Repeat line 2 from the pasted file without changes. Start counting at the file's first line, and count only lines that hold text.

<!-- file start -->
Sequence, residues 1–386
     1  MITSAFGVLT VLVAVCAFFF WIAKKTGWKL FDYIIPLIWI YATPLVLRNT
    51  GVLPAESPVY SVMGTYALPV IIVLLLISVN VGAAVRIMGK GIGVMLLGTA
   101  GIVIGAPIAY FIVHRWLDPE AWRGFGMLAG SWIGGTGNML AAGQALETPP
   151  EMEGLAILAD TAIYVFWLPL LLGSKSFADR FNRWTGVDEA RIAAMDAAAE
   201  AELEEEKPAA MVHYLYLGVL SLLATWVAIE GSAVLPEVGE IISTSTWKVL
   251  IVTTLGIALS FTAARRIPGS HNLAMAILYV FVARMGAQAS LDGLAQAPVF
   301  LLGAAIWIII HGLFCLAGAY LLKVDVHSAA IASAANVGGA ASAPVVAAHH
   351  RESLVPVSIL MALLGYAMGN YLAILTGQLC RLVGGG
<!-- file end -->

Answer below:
     1  MITSAFGVLT VLVAVCAFFF WIAKKTGWKL FDYIIPLIWI YATPLVLRNT